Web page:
The Revenant (2015)

After seeing Alejandro G. Iñárritu's new film The Revenant, I'm left with some conflicting feelings. On the one hand, I really like it (and really want to like it). It's a stunning movie with some great performances and an epic nature that does well at drawing you in to the world it creates. But there are a few things that just don't sit right with me and stop me from crossing the line from liking it to loving it. The feeling seems familiar, because I had a similar reaction to last year's Best Picture winner and Iñárritu's previous film, Birdman. After seeing Birdman, I understood why it received general praise from most critics and filmgoers, but there were also some aspects that made me see why it could be more divisive among cinephiles. I couldn't quite wrap my head around what made Birdman just okay for me at the time. After taking in The Revenant, I think I'm beginning to understand why this particular filmmaker's work tends to leave me cold, no matter how much I try to enjoy it.

The Revenant is a frontier revenge tale that follows Hugh Glass (Leonardo DiCaprio) as he hunts down John Fitzgerald (Tom Hardy), a member of a fur trapping party he was guiding. After Glass is viciously attacked by a bear and barely clinging to life, Fitzgerald kills Glass' son Hawk (Forrest Goodluck) and leaves him for dead. A rage-fueled Glass begins tracking him down, stopping at nothing to kill the man that stole what remained of his family and humanity. He faces the harsh elements, wild terrain, and other unfriendly parties in order to claim his vengeance. It's a film that's part sprawling adventure and part claustrophobic breakdown. Ultimately it works, with gorgeous landscapes and well-crafted action, but it's still not the amazing film it could have been (or that some are saying it is). I thought Birdman contained a lot of mediocre writing that was elevated by some strong performances (particularly Edward Norton). From the opening scene of Michael Keaton's “It smells like balls in here...” soliloquy, I immediately disliked the film, but it was slowly able to bring me back around. The writing was the only concrete thing I could point to in my mixed feelings about it, but there was something else that rubbed me the wrong way that I could never quite put together. The Revenant is rather light on dialogue and allowed me to see a connection that was muddled by Birdman's fast moving/fast talking tone, which is the overabundance of style (seriously, you can choke on that shit).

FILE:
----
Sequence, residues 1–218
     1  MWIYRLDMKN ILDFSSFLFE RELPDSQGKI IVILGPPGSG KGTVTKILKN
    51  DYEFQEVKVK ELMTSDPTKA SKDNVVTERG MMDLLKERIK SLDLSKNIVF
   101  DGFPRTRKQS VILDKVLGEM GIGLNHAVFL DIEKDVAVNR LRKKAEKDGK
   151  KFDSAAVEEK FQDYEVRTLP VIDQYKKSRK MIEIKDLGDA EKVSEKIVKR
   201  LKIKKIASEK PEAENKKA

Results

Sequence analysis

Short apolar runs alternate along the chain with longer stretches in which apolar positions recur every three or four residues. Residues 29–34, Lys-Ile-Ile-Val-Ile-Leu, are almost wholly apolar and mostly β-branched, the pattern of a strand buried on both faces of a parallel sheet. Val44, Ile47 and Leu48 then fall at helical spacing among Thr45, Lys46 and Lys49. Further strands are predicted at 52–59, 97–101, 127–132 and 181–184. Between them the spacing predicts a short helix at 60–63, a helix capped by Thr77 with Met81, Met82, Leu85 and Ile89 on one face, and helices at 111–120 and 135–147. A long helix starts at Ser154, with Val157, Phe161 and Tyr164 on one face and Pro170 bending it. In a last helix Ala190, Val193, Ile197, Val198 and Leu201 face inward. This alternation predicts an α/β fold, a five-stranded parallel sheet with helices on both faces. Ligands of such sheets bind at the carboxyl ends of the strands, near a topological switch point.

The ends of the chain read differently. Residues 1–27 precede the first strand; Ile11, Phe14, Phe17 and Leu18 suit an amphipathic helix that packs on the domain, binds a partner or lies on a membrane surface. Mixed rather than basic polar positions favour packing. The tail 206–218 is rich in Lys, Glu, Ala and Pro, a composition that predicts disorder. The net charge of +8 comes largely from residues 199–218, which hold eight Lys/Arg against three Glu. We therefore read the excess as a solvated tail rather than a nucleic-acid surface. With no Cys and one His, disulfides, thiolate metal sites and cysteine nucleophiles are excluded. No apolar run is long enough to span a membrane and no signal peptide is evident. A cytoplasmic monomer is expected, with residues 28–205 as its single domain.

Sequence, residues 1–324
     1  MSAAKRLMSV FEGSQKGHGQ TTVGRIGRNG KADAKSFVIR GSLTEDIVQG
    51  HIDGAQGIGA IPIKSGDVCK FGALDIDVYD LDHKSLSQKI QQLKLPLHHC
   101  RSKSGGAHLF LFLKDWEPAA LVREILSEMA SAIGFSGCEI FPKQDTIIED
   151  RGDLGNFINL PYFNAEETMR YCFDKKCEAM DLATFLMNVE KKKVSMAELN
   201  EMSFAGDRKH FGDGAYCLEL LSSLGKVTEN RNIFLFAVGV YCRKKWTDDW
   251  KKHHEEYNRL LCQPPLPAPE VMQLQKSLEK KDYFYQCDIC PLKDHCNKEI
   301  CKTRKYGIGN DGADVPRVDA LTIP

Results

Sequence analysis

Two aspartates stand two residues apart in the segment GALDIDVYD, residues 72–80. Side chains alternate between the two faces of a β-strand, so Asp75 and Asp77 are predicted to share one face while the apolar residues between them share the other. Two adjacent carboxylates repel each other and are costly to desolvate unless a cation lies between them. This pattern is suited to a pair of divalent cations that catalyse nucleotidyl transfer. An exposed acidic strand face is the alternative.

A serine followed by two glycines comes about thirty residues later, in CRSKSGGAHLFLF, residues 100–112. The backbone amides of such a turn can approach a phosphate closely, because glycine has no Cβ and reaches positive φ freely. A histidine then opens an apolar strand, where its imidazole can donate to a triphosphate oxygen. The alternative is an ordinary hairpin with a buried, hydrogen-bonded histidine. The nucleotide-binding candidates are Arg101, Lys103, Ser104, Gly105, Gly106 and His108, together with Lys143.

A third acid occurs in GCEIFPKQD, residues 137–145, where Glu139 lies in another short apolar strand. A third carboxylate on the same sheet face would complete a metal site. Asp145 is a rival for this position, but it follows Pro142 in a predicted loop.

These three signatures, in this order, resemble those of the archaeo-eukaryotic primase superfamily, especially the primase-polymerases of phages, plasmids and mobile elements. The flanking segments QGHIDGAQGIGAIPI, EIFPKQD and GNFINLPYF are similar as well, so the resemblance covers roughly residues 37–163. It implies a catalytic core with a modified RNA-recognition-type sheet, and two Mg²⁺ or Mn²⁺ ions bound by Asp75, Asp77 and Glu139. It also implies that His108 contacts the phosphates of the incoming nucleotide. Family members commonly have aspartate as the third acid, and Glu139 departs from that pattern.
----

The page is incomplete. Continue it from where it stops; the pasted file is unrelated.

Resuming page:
While this film doesn't go after the appearance of a single take like its predecessor, it does contain many similar flowing camera shots and a need to be all up in the actor's business. The camera here spends much of its time flying around the action in scenes at about waist-level and moving uncomfortably close to each character when focusing on them. Seeing it in this film with such naturally open scenery and expansive locations as opposed to the small interiors and hallways of Birdman made me realize why I don't care for this aspect of Iñárittu's style. It's fucking distracting. I'm all for directors having unique touches and visual flare, but it shouldn't get in the way of the story you're trying to tell. If every time your camera moves, it has me wondering how the shot was set up, how many takes it took, or how you pulled off a sequence more than pulling me deeper into the film, it's a problem. Most of the action shots are like this, filled with so much in each frame that even scenes early on like the raid on the fur trappers camp, just feel exhausting. There were times when I'd feel relieved when the camera would slow down, things would get quiet, or Leo's face would fill the whole screen, because it allowed me to focus on what was happening. The Revenant has some fantastic shots and action scenes that impressed the hell out of me, but there were also times when the director felt the need to add more, only to take something vital away. There are instances of CGI that just completely took me out of the film. The bear attack is the best looking example of this, but it still looks so out of place amongst the natural landscapes and lighting Iñárittu fought so hard to get. It reminded me of the random bursts of CGI in Birdman that felt just as weird and out of place, even if it was in the character's imagination.